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Sleep Paralysis

When your body is transitioning between different stages of sleep, you may feel like you are conscious but unable to move. This condition is called sleep paralysis and can occur in as many as four out of every 10 people. “When you sleep, your body moves between REM (rapid eye movement) and NREM (non-rapid eye movement) sleep,” says Bradley K. Bittle, MD, FCCP, D-ABSM, pulmonologist and sleep medicine physician at Saint Francis Medical Center. “During REM sleep, your body is very relaxed. If you become aware during the REM cycle, you may feel like you cannot move.”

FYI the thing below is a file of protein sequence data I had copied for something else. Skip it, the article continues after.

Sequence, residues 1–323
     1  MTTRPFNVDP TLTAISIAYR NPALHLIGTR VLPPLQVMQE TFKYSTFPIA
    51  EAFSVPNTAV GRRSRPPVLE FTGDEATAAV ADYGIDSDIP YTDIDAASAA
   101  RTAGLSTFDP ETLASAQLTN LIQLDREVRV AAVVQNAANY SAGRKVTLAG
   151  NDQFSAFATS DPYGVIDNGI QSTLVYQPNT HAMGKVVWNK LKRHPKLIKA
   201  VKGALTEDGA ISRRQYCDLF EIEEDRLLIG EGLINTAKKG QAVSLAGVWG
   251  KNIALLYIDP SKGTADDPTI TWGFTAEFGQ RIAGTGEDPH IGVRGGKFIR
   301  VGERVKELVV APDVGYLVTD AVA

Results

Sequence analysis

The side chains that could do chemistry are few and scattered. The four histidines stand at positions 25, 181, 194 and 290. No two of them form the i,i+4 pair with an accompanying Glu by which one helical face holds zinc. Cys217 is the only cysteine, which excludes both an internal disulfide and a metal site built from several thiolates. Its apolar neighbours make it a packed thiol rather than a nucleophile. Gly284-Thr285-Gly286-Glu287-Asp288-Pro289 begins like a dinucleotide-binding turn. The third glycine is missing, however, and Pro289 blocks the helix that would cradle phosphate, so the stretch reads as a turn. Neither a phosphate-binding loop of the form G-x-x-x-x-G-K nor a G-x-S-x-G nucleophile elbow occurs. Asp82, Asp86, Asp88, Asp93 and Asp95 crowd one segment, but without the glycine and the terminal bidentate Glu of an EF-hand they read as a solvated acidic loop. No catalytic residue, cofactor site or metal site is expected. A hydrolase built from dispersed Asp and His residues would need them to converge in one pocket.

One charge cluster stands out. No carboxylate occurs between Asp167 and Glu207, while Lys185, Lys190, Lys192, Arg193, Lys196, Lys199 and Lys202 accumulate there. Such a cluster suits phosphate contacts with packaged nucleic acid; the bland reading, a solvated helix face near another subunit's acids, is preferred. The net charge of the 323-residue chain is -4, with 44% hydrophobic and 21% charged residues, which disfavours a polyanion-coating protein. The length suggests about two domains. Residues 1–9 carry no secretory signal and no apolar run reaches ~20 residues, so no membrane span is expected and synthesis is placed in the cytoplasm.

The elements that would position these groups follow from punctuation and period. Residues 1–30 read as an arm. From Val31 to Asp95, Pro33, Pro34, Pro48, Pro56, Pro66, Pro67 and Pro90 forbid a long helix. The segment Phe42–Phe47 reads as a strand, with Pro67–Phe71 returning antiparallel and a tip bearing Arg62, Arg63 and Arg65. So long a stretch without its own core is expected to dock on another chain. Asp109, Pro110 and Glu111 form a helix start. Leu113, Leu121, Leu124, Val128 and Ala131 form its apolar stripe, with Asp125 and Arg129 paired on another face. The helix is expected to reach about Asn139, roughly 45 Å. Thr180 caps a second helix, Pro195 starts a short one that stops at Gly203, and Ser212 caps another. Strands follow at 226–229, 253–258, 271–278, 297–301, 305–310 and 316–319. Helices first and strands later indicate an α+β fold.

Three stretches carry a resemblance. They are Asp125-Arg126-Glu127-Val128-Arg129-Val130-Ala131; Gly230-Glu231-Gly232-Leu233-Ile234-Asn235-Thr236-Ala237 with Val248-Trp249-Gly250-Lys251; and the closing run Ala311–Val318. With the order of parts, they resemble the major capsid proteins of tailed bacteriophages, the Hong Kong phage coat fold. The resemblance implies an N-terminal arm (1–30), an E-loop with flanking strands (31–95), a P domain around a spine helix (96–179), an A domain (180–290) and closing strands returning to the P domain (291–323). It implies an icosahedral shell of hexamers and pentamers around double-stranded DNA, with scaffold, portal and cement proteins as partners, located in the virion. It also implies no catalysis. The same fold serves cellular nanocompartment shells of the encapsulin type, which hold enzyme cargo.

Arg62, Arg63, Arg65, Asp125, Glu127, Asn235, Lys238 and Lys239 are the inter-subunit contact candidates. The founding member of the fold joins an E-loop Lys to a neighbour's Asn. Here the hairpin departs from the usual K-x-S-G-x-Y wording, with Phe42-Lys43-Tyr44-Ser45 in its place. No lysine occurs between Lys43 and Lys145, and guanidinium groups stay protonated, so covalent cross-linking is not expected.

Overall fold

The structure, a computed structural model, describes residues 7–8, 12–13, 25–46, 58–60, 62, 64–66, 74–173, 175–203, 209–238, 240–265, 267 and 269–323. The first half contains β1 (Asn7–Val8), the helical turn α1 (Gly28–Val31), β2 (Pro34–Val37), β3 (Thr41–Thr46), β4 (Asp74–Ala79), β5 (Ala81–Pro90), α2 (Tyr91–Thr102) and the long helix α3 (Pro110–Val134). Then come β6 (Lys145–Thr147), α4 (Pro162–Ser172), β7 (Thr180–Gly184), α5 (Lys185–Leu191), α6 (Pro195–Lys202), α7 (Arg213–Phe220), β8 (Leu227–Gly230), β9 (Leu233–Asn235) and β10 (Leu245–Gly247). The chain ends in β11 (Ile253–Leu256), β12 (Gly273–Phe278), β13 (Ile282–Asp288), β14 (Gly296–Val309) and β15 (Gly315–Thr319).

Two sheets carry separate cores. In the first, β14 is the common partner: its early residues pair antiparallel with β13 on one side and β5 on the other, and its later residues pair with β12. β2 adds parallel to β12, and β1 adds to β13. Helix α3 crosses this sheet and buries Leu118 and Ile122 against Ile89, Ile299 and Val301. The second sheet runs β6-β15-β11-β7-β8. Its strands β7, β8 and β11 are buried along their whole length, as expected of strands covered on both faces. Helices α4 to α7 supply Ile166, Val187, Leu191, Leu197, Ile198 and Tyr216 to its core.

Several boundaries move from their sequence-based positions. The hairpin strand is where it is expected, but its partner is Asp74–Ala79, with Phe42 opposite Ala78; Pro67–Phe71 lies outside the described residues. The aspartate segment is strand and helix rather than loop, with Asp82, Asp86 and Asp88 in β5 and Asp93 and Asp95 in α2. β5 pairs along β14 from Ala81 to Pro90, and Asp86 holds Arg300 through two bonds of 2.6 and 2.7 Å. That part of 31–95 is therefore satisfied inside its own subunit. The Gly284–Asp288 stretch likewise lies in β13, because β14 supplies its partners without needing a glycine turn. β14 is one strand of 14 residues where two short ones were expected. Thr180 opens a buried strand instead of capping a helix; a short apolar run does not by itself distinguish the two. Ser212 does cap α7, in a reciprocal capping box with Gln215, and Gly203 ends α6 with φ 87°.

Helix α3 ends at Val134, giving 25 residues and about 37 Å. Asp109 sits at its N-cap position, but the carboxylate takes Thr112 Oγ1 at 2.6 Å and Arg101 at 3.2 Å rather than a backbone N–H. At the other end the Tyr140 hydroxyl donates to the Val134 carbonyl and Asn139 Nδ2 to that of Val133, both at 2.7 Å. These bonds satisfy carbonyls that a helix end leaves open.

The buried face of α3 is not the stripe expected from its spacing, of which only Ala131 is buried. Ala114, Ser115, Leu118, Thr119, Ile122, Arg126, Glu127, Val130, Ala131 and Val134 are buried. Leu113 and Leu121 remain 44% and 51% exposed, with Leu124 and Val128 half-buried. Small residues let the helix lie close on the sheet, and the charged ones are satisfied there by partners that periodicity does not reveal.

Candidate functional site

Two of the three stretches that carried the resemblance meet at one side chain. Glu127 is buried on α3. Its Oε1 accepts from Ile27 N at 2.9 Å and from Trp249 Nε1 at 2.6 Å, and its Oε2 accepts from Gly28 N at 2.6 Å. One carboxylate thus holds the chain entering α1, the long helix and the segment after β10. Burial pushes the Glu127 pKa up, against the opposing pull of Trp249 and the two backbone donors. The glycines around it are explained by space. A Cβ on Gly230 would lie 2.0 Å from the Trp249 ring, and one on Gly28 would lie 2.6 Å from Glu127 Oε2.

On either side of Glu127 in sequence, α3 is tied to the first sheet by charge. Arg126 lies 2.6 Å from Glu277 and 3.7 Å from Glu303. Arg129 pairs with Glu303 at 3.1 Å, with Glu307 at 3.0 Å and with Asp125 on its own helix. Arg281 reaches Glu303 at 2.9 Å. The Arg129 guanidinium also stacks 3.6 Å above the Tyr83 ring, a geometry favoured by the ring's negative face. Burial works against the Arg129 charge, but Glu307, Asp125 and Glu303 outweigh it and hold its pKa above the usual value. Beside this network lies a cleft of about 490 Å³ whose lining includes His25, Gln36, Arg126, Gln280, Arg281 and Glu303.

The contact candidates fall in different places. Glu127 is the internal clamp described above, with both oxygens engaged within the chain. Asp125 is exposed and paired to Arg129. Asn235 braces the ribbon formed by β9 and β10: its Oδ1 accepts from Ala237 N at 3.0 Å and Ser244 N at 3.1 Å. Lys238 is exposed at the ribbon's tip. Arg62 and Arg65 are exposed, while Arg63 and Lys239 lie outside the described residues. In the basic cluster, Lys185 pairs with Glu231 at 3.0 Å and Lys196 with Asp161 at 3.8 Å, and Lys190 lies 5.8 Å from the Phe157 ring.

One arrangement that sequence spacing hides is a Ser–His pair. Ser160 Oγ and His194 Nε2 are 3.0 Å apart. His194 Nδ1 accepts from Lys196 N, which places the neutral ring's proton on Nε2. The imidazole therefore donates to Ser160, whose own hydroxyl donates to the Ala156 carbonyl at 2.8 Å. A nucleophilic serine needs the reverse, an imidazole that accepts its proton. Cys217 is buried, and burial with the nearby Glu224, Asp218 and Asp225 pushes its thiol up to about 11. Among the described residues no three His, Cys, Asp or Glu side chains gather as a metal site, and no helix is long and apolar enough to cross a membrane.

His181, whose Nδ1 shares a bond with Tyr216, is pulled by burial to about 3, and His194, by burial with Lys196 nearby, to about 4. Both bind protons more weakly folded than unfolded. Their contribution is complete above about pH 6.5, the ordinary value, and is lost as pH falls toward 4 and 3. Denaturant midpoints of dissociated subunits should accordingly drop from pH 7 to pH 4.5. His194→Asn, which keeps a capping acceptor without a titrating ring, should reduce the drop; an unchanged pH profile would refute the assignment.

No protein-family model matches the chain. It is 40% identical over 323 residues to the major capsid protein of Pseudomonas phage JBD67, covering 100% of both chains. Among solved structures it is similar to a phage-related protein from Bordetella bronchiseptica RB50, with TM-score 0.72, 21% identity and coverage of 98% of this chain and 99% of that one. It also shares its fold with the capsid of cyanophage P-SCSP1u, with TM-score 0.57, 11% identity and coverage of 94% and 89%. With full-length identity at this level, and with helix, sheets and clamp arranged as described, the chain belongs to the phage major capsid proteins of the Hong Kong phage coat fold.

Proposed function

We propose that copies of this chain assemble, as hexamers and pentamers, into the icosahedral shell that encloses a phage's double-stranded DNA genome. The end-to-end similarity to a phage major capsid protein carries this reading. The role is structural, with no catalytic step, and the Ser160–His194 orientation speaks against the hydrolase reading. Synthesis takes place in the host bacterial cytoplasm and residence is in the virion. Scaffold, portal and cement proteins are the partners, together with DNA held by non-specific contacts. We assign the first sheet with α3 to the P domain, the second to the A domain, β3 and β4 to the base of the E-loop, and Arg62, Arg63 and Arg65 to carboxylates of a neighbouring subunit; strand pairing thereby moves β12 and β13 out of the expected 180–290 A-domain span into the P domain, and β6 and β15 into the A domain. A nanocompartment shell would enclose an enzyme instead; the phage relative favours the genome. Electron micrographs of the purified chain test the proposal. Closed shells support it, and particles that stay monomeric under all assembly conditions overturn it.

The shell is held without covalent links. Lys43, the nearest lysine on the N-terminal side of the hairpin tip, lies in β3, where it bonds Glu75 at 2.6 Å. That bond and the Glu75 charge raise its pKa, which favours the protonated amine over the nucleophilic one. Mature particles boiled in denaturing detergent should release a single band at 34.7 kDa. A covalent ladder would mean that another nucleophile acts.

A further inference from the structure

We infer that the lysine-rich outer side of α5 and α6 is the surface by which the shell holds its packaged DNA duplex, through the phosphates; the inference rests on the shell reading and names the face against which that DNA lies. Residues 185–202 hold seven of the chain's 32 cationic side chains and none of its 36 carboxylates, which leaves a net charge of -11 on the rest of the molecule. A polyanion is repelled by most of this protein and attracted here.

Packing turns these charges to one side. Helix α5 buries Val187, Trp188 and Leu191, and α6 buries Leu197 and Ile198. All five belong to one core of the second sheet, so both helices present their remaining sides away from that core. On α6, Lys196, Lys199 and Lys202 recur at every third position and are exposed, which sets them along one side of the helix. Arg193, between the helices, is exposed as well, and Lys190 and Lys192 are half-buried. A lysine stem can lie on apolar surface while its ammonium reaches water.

Bradley Keith Bittle, MD, FCCP, D-ABSM
Bradley Keith Bittle, MD, FCCP, D-ABSM

Usually, there is no need to treat sleep paralysis unless it is interfering with your daily function or causing you to lose sleep. In some cases, though, it can be associated with narcolepsy. Your doctor may ask you to keep a sleep journal or want to perform a sleep study to determine if you have any other sleep disorders.

For more information, call the Sleep Disorders Center at 573-331-5837.

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